Winter Weather and Strong U.S. Grain Demand Add Up to Unusual Port Delays
By Stephanie Bryant-Erdmann, USW Market Analyst
The sharp inverse in export basis between March delivery and April delivery for U.S. wheat at both Gulf and Pacific Northwest (PNW) ports indicates that exporters have faced logistical challenges during a brutally cold and snowy winter. It also provides a savings opportunity for those customers who can wait for delivery until April or May.
USDA data shows that in January, U.S. grain export inspections increased 18 percent year over year and are on par with the 5-year average. The bad winter weather began slowing rail and barge arrivals at both Gulf and PNW ports in December. Those delays worsened as January brought frigid temperatures and snow to the U.S. Northern Plains, Midwest and, unusually so, to PNW ports. This year’s snowfall is the largest in Portland, OR, since 1995.
Railcar supply tightened in December and January, as the bad weather slowed train movement across the Northern Plains. In severe cold, railroads must decrease the number of cars pulled by each locomotive for safety reasons. During January, the U.S. rail system round trip rate slowed according to Surface Transportation Board data. In turn, the higher demand for rail freight pushed secondary rail freight rates dramatically higher.
In calendar 2016, barges delivered 43.2 million metric tone (MMT) of grain to U.S. Gulf ports, the largest volume recorded since USDA began tracking in 2003. This year, demand for barge space continued into January rather than tapering off after fall harvest. Year to date in 2017, barges moved 2.81 MMT of grain on the Mississippi River, up 18 percent year over year and 21 percent above the 5-year average.
While U.S. export facilities have some storage on-site, a consistent flow of grain from the interior is needed to keep up with vessel loading. Since 2010, PNW export terminal storage capacity has increased 27 percent to 1.08 MMT, yet PNW export terminals turn their inventory about every 12 days. Gulf export terminals have roughly 2.2 MMT of capacity and on average turn over their inventory about every 10 days.
With the delays in grain delivery, vessels waiting to load have increased significantly. In its Feb. 2 Grain Transportation Report, USDA said 65 vessels were at port in the U.S. Gulf, compared to the 2016 weekly average of 43 vessels. Throughout January, the U.S. Gulf had an average 58 vessels either loading or waiting, up 14 percent from January 2016 and 25 percent above the 5-year average. As of Feb. 2, there were 37 vessels at port in the PNW, up 85 percent from the same time last year.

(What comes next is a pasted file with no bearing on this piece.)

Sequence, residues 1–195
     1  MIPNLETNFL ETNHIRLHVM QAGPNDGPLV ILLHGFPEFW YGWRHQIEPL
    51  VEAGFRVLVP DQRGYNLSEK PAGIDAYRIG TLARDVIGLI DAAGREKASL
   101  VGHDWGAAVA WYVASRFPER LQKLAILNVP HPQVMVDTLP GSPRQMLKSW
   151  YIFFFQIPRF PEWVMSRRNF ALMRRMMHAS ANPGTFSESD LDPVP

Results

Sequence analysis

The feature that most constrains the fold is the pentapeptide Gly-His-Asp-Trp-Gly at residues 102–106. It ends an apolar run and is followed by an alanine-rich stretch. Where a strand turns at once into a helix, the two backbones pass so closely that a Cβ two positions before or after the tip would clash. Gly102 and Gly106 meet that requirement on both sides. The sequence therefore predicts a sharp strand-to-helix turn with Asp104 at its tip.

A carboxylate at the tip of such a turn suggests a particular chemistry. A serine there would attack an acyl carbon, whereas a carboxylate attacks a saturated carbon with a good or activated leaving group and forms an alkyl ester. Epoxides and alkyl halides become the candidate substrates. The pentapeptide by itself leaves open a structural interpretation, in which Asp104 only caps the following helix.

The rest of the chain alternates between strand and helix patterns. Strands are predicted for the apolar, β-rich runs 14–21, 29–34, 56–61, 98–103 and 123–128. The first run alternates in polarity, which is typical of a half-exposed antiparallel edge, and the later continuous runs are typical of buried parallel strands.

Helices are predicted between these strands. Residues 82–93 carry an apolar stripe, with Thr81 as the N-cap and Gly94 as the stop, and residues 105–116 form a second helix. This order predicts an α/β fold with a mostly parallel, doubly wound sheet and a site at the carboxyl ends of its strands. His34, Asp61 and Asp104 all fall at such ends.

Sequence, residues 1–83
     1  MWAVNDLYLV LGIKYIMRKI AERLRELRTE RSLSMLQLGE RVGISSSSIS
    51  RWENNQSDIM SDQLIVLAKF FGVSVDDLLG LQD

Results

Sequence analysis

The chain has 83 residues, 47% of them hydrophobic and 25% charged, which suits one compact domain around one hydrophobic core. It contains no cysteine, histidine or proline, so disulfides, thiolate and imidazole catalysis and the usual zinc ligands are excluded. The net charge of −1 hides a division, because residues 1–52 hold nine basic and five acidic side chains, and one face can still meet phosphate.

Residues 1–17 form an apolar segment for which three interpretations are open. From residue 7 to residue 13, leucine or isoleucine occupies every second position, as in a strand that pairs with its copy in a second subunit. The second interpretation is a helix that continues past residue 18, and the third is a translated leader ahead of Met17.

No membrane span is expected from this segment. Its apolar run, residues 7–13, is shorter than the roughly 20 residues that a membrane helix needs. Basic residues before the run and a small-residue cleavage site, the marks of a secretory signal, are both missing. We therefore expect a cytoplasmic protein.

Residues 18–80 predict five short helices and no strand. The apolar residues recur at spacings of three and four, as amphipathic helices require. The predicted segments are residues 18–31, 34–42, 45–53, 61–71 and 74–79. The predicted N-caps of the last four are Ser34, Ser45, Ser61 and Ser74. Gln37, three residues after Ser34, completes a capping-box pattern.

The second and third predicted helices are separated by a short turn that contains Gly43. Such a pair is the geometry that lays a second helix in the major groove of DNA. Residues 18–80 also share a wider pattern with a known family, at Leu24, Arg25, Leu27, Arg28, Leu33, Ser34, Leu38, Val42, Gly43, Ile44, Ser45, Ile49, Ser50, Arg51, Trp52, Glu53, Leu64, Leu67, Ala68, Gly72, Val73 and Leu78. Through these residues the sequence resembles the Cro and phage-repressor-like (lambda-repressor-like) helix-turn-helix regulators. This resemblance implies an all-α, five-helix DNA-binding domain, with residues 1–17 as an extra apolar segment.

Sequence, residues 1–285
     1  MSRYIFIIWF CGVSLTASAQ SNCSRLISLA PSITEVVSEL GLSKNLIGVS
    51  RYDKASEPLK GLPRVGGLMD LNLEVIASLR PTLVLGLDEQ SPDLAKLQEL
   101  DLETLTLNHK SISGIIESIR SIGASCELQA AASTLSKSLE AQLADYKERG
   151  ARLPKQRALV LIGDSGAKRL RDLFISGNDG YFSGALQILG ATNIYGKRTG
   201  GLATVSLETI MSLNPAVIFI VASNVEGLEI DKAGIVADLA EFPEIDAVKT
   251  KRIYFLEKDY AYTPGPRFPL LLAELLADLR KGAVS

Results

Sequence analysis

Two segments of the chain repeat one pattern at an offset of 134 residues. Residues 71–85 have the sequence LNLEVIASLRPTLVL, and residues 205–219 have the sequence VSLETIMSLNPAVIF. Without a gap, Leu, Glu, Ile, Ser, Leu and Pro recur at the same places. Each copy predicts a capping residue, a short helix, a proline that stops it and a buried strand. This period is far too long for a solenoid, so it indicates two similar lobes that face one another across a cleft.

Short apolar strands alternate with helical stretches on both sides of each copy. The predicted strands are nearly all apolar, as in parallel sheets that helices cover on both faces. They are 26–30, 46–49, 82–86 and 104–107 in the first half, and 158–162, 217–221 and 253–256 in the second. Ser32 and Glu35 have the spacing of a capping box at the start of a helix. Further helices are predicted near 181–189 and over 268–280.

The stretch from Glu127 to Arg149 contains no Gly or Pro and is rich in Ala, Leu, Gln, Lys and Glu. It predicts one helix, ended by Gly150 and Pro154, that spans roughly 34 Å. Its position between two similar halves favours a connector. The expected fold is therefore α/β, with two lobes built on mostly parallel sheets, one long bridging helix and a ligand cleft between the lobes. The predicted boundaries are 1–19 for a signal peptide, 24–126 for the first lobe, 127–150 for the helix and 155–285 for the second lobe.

Looking ahead, exporters believe they can work through the backlog by the end of March barring any additional severe weather events. In January, an average 43 vessels per week loaded in the Gulf, compared to an average 40 vessels per week in 2016. Though PNW vessel loading slowed to an average 10 vessels per week for the first three weeks of 2017, Federal Grain Inspection data showed 31 vessels were loaded between Jan. 26 and Feb. 2.
As exporters continue to load vessels, U.S. wheat customers are likely very aware of demurrage and dispatch clauses in their contracts. All types of export contracts include incentives for exporters to load as quickly as possible to avoid incurring demurrage. U.S. law ensures customers’ contracts will be fulfilled as soon as physically possible because it is in the exporter’s financial interest to do so. According to traders, demurrage on current charters in the PNW and Gulf are averaging $12,000 per vessel per day.
This year’s weather has certainly been worse than normal, but the issues that come with such challenges are well-known. That is partly why U.S. railroads, ports and waterway associations continually invest in infrastructure to improve the flow of grain from U.S. farmers to overseas customers.
Customers who have adequate supplies can save between $6 to $20 per metric ton at current export basis levels depending on the class and port of origin by pushing new wheat business deliveries out to April or May. As always, the U.S. wheat store remains open and transparent. And, as always, U.S. Wheat Associates (USW) representatives are available to answer any questions customers may have about U.S. export logistics and how they can continue to get the best value possible from U.S. wheat.